There has been much excitement in recent news about the possibility of opening churches for private prayer. (See Tom’s article below.) Churches in England and Wales were recently allowed to open for people to come in, alone, and pray. The regulations governing this are extremely prescriptive: private prayer excludes any form of liturgy, prayers in groups or anything that I as a priest might lead – including Adoration and Benediction. The regulations are comprehensive including the stipulation that one (but ideally two people) are on site all the time monitoring who is in the church. They also demand a rigorous cleaning of the building before and after each person enters. In larger parishes were the buildings are located centrally in towns and where there are teams of volunteers to help with this, the opening of churches makes sense. In our parish, however, it does not. We have two smallish church buildings one on the edge of town and the other on a housing estate which are usually locked between Masses and services.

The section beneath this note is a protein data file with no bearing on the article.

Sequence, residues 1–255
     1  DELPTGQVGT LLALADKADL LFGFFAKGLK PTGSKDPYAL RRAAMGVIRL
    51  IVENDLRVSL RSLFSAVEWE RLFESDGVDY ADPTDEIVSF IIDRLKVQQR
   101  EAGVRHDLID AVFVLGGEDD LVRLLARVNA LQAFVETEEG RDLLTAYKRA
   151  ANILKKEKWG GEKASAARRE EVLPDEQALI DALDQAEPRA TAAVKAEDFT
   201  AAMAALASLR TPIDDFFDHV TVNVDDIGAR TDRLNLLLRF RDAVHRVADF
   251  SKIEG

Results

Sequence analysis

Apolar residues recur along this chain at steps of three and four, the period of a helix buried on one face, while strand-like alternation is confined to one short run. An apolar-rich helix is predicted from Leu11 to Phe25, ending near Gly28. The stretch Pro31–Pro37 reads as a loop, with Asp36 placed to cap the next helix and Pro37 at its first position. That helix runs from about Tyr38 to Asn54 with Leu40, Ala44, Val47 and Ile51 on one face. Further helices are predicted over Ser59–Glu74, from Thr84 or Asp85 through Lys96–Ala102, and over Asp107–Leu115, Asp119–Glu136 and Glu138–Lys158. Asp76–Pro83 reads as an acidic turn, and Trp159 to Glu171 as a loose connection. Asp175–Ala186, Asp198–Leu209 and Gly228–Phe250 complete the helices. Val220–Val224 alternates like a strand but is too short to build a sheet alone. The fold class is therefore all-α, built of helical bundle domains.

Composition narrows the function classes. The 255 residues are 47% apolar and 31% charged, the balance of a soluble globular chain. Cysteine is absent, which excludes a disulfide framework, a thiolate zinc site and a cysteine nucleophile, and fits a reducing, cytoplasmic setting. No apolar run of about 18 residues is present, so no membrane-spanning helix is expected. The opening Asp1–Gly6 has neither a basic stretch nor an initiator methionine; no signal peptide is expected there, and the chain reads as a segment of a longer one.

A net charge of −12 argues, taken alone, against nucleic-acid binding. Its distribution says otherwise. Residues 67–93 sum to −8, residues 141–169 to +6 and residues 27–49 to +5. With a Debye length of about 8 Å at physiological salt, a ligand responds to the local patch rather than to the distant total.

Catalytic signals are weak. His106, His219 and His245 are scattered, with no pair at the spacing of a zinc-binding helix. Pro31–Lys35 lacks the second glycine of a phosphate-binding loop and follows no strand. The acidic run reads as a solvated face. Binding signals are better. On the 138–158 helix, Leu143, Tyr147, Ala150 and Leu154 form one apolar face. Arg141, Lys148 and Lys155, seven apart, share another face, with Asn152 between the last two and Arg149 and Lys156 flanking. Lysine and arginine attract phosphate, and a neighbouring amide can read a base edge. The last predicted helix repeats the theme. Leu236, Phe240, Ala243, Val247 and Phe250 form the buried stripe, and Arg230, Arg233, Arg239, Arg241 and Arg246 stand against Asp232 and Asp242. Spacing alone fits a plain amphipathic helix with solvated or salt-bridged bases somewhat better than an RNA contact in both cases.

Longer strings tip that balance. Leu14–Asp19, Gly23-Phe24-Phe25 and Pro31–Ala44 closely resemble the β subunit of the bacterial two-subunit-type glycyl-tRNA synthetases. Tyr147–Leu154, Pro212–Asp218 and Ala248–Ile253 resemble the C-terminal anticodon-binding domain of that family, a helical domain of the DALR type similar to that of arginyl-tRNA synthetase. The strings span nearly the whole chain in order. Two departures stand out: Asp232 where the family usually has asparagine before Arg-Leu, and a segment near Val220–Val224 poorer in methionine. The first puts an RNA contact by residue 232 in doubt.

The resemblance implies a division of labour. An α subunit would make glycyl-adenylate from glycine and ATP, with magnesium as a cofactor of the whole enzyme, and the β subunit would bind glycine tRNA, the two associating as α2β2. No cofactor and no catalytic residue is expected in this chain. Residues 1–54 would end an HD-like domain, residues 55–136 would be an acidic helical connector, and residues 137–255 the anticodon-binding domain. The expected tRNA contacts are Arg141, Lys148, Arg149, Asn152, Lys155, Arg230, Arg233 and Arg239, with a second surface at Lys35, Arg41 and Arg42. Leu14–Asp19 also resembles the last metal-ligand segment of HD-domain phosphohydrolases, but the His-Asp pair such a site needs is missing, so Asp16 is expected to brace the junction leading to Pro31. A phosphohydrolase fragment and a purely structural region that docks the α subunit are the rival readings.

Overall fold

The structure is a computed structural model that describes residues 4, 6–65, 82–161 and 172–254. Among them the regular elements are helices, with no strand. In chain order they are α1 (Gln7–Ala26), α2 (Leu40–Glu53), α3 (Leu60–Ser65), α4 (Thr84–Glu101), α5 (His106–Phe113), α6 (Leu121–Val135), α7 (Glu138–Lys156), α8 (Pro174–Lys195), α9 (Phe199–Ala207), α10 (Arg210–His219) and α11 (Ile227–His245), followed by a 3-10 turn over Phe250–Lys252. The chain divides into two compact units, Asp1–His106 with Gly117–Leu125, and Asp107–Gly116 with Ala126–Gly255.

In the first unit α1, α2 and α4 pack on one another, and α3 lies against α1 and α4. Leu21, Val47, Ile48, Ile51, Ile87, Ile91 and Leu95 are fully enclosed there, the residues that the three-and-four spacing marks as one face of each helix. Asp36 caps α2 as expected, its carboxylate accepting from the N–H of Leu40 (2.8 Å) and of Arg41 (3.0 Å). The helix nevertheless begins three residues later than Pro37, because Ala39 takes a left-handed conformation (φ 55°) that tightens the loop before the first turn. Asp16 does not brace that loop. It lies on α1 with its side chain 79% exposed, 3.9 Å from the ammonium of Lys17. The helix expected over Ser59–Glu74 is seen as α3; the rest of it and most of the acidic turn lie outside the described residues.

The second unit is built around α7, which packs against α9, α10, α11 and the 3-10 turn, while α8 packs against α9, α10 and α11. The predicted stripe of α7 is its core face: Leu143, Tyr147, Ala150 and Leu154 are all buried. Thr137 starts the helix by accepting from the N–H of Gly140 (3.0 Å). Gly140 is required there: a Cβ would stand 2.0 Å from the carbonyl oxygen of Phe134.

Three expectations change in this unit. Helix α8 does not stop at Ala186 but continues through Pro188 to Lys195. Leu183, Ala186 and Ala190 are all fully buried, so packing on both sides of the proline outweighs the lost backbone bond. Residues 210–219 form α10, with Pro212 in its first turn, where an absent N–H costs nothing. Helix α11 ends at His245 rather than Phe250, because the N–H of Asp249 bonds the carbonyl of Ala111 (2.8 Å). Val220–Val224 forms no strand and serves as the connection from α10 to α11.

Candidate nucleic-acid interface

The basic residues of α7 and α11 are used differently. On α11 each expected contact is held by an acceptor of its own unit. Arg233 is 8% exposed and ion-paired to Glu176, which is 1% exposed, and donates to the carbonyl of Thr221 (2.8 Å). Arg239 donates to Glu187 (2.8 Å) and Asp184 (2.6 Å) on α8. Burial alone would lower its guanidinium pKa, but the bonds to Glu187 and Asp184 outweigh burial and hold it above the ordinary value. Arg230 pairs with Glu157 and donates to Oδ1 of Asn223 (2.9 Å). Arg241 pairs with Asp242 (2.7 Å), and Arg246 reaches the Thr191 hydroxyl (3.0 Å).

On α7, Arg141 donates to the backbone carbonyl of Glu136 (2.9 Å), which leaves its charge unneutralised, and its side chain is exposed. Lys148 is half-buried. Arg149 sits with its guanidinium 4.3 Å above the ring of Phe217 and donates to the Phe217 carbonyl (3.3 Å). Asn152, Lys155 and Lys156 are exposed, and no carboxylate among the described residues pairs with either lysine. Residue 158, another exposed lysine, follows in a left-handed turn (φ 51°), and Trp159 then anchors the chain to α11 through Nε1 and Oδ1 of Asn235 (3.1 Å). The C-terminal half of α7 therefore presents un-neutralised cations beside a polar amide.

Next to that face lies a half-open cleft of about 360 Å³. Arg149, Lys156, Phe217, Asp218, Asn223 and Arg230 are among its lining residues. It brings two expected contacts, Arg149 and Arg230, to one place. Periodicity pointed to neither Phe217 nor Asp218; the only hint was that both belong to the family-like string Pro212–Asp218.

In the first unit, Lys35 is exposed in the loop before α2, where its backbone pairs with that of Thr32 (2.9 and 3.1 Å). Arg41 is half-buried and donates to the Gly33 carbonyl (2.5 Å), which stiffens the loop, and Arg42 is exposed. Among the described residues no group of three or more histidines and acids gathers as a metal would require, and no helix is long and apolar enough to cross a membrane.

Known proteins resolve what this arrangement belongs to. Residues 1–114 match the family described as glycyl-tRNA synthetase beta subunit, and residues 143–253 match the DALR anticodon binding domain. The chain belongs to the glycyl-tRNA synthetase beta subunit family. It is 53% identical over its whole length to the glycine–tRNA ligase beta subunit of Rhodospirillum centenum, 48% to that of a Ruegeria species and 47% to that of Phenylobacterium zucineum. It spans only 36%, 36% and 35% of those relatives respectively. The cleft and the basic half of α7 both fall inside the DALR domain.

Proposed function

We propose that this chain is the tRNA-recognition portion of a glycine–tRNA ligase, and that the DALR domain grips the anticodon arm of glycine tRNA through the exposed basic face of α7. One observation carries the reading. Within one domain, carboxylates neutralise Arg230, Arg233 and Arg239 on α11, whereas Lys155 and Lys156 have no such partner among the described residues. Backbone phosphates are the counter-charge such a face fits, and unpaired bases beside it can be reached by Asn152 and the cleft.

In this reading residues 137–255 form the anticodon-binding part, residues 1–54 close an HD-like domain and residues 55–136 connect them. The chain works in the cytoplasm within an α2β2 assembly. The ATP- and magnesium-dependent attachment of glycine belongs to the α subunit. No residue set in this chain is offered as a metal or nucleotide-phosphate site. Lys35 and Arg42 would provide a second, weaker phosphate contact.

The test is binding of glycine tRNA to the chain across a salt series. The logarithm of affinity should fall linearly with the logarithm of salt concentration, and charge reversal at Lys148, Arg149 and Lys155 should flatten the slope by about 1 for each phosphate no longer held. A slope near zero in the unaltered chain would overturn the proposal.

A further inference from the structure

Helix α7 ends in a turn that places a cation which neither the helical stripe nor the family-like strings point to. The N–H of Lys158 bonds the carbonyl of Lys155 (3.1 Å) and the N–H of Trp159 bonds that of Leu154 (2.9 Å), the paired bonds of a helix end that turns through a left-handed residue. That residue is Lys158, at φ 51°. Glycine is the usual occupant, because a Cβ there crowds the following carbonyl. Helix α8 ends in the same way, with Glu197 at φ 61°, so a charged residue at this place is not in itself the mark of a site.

In our parish context the work that would need to be done to open our Churches is unmanageable and so I have taken the decision that our church buildings will remain locked except for Mass times or by exception when someone contacts me.
Mass will continue to be streamed daily and I will continue to bring the Blessed Sacrament to you for Adoration and Benediction should you wish. If you do want to pray in a church both Newmarket and Thetford are open at various points. Please see their website for full details.